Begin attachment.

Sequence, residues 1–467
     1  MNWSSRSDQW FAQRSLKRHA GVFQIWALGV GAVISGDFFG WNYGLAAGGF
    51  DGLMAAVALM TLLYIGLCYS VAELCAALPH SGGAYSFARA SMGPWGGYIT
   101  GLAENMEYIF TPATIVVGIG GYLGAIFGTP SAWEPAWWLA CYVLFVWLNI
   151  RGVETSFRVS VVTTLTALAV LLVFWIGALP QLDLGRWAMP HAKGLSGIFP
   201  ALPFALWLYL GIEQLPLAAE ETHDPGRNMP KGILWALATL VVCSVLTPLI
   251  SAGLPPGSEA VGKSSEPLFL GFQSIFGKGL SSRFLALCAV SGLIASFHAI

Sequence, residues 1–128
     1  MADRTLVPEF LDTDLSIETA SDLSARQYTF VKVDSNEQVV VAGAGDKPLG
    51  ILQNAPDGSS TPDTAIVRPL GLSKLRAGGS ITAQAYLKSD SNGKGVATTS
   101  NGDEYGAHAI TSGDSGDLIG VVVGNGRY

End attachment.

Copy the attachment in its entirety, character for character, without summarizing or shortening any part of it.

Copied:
Sequence, residues 1–467
     1  MNWSSRSDQW FAQRSLKRHA GVFQIWALGV GAVISGDFFG WNYGLAAGGF
    51  DGLMAAVALM TLLYIGLCYS VAELCAALPH SGGAYSFARA SMGPWGGYIT
   101  GLAENMEYIF TPATIVVGIG GYLGAIFGTP SAWEPAWWLA CYVLFVWLNI
   151  RGVETSFRVS VVTTLTALAV LLVFWIGALP QLDLGRWAMP HAKGLSGIFP
   201  ALPFALWLYL GIEQLPLAAE ETHDPGRNMP KGILWALATL VVCSVLTPLI
   251  SAGLPPGSEA VGKSSEPLFL GFQSIFGKGL SSRFLALCAV SGLIASFHAI

Sequence, residues 1–128
     1  MADRTLVPEF LDTDLSIETA SDLSARQYTF VKVDSNEQVV VAGAGDKPLG
    51  ILQNAPDGSS TPDTAIVRPL GLSKLRAGGS ITAQAYLKSD SNGKGVATTS
   101  NGDEYGAHAI TSGDSGDLIG VVVGNGRY